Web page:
The next part that I needed to install on the server was NodeJS which allows a whole heap of extensions to be installed via NPM (Node Package Manager). Think of this as the equivalent of NuGet in the .NET world but just specifically for NodeJS.

Again as with the Git install, there is an important step to ensure the following commands node and npm are available in your console window globally by ensuring NodeJS and NPM are installed in your PATH.


Once the NodeJS installer has finished lets test and ensure that NodeJS has been installed and available globally in our Windows console.

Type node -v into the console and hit ‘Enter’. You should see the version number displayed if it has been successfully installed into your PATH, next try npm -v and see if that also returns a version number too.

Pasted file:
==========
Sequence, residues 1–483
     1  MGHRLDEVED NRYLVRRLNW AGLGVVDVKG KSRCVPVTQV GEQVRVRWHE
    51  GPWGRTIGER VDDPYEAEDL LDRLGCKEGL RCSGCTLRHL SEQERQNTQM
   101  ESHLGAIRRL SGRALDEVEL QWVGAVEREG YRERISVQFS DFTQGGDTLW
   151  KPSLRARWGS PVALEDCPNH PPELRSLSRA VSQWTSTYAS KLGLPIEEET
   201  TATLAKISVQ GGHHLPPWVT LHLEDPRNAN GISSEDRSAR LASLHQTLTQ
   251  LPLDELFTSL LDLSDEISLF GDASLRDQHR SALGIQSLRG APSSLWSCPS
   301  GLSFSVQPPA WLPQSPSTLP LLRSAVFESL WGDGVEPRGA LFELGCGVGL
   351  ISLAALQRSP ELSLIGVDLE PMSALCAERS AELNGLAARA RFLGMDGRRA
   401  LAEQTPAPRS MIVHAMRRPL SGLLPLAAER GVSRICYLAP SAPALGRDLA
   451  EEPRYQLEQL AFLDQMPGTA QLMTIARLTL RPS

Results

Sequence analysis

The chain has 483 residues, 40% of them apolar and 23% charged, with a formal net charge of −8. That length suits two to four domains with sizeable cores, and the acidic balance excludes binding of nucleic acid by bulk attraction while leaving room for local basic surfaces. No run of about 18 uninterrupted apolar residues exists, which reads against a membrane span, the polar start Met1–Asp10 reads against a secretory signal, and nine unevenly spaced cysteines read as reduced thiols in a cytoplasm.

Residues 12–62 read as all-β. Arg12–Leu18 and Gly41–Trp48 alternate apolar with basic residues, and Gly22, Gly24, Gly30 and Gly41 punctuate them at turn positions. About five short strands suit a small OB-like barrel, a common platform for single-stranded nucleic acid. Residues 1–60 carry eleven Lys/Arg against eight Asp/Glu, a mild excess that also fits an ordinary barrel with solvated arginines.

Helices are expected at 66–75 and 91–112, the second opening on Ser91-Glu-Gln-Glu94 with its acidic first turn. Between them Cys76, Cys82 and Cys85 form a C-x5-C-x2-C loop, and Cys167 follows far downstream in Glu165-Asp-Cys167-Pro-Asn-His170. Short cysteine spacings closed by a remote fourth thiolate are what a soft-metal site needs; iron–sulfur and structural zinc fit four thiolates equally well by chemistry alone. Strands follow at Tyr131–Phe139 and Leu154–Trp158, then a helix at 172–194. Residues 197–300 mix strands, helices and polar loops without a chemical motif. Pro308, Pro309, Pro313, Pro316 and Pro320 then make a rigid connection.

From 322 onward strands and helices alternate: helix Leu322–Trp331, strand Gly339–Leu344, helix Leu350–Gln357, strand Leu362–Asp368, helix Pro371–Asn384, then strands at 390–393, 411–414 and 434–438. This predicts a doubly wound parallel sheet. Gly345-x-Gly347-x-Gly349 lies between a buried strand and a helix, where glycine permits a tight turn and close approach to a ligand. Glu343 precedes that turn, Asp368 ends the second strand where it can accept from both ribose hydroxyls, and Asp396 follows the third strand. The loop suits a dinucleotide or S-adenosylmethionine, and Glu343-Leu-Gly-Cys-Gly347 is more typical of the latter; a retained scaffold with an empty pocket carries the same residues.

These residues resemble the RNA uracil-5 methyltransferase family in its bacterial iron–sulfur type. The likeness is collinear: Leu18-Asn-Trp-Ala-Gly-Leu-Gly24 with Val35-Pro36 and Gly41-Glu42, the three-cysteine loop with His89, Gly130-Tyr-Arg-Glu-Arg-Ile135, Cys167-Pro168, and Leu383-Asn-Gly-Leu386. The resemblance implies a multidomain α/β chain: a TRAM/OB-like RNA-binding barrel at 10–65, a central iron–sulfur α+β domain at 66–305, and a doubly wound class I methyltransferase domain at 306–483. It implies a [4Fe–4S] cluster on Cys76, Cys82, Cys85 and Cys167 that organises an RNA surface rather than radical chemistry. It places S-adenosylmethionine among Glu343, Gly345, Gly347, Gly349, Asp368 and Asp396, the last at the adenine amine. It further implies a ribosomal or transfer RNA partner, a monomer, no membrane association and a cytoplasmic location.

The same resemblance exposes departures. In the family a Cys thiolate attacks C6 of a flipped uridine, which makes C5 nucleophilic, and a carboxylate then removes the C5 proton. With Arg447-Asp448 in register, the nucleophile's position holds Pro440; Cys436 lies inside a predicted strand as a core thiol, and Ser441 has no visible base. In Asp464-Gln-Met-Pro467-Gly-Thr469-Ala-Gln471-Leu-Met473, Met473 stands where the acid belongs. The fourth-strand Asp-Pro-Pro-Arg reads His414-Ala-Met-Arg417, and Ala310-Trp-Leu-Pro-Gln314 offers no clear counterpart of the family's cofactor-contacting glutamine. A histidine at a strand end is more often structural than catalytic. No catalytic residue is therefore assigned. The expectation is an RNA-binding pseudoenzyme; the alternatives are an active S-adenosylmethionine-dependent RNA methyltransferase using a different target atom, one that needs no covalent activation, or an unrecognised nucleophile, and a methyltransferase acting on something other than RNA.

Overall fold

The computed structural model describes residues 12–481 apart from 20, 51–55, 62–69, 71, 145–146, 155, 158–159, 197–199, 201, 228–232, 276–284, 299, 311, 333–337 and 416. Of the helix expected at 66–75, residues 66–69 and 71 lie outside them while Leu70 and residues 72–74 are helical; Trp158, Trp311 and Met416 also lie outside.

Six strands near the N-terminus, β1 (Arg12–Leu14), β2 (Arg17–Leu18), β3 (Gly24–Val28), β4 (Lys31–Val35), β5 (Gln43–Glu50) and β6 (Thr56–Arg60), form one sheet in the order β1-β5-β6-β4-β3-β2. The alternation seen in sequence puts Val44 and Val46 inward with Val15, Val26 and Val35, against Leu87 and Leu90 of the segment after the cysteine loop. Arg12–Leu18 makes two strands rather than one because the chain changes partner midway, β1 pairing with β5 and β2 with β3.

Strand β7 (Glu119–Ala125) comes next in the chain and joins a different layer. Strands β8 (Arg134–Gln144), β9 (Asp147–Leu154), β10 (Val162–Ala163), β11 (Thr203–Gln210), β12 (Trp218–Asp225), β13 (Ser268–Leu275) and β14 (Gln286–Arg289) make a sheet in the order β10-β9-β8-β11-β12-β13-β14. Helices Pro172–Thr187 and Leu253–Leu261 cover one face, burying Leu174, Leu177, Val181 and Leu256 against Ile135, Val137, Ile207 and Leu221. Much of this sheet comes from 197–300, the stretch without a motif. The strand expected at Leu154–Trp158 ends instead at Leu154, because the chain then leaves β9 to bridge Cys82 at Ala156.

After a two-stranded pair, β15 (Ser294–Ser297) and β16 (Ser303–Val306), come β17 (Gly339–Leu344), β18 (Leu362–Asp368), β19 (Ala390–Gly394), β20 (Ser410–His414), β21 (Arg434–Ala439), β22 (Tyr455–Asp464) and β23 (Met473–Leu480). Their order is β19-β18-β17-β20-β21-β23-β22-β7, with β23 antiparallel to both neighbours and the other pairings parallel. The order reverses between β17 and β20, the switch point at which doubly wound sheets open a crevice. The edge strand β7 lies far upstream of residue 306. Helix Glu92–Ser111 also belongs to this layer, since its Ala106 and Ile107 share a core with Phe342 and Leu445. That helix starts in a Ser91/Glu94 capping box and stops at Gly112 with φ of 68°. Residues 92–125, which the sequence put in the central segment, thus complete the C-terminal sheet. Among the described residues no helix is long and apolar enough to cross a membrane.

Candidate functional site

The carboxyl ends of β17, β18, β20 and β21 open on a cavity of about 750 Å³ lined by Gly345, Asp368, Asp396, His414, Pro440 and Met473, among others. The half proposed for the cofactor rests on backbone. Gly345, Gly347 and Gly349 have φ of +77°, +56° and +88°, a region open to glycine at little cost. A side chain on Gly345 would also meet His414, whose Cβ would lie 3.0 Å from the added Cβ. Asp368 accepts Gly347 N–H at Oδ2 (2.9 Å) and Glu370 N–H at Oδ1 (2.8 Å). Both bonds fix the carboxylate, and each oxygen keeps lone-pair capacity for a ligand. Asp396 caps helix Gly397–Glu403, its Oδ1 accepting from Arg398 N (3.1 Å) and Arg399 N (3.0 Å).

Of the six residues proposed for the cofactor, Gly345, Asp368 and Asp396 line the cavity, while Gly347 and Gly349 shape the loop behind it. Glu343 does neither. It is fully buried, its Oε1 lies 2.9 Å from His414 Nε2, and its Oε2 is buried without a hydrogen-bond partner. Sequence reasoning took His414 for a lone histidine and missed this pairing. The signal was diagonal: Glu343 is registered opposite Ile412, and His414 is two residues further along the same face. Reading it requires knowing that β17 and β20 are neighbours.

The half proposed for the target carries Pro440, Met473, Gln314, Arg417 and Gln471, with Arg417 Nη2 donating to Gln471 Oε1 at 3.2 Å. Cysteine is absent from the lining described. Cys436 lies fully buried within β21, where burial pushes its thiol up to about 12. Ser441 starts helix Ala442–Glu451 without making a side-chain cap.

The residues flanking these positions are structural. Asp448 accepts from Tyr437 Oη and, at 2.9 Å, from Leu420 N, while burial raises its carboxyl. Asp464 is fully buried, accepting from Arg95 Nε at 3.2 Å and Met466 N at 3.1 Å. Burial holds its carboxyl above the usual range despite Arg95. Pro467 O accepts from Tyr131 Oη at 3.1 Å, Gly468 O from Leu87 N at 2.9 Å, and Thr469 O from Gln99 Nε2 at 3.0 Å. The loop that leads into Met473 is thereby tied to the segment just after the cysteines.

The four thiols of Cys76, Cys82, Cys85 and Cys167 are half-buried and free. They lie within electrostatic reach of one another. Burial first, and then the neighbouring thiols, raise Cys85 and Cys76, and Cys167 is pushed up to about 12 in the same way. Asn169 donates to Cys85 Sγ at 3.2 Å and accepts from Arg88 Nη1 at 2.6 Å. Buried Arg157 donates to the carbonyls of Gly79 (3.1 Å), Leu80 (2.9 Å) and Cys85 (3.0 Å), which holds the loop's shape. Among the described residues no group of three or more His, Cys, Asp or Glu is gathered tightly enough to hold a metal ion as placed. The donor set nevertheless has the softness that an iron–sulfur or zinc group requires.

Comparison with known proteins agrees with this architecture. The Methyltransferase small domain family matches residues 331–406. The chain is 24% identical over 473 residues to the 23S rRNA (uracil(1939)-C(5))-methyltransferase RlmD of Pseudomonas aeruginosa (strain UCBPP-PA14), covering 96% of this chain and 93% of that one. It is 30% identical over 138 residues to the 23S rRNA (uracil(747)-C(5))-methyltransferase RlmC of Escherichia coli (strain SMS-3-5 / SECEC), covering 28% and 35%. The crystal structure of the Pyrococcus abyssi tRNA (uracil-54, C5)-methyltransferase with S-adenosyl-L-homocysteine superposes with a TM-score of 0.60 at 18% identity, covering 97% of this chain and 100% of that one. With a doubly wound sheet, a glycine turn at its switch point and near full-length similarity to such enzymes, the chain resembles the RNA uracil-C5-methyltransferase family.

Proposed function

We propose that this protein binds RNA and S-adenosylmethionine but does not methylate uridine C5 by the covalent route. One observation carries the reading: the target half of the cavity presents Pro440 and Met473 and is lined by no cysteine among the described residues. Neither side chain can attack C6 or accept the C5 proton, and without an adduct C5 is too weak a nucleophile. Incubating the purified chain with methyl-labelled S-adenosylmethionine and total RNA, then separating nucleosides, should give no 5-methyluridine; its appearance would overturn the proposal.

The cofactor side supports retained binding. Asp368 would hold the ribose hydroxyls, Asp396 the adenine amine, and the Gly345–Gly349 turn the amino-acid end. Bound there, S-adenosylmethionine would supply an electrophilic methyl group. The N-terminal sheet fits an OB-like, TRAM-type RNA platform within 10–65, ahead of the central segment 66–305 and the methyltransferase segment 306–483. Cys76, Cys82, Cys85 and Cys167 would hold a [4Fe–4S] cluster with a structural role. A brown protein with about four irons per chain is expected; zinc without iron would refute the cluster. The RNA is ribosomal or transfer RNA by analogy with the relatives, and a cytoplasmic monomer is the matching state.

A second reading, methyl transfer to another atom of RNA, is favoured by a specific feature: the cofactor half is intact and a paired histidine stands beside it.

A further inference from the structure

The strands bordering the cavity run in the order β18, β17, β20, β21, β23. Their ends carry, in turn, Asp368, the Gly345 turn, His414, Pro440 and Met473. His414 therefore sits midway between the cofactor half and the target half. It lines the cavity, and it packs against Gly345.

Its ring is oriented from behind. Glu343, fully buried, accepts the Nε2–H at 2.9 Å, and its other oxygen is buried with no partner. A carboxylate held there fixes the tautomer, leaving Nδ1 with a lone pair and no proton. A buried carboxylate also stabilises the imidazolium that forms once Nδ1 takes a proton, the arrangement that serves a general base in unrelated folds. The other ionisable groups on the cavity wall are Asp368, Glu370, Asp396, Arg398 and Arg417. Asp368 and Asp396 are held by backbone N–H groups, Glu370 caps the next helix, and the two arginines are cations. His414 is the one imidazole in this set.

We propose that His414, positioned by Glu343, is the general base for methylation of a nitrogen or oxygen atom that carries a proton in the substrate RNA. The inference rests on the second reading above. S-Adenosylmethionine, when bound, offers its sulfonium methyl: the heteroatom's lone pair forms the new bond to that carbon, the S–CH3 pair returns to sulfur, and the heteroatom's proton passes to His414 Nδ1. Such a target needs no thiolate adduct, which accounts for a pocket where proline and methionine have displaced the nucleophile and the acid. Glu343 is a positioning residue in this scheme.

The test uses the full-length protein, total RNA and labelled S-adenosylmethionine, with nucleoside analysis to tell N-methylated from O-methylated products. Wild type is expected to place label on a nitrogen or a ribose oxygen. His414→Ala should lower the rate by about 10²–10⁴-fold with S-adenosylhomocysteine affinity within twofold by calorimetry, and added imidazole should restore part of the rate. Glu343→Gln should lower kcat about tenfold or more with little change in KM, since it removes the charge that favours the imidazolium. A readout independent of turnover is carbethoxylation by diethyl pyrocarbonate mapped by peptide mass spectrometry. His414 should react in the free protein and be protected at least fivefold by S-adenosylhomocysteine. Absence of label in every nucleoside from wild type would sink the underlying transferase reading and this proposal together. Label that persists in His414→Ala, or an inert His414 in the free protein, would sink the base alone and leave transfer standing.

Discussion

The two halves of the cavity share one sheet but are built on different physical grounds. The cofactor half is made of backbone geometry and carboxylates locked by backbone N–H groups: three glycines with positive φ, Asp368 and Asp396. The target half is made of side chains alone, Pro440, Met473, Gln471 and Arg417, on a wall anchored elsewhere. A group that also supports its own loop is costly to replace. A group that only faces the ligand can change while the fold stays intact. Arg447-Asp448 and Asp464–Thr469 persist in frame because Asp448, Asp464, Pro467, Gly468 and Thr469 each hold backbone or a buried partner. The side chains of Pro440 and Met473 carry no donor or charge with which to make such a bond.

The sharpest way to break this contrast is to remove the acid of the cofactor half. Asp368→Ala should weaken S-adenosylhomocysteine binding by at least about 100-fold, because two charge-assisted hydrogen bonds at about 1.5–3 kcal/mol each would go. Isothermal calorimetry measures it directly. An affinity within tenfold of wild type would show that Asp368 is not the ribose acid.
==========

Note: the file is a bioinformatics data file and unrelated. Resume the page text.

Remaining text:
bower-logoBower is a front end package manager from the Twitter team and uses Git to consume the packages. To install Bower we need to install it from the node package manager (npm). In the console window type the following command npm install -g bower this tells npm to install the Bower package globally. This allows us to use the command ‘Bower’ in our console window from any location. Similar to how Git and NodeJS was added to our PATH.

This is where you will see your console window go nuts as the NPM goes and downloads Bower and it’s dependencies. Do not panic you will soon get used to the number of dependencies any NPM package has.


Again to test that Bower has been installed successfully use the bower -v command.

Bower is not a requirement but as our front-enders were using Bower in their workflow we needed to install it too on our build server as well.


grunt-logoThe next thing we need to install and setup for our workflow is to install GruntJS which is the task runner or the equivalent as the front-enders build steps.

To install this we need to install Grunt from NPM with this following command npm install -g grunt-cli which tells node to install the Grunt command line runner globally and make it accessible from any console window.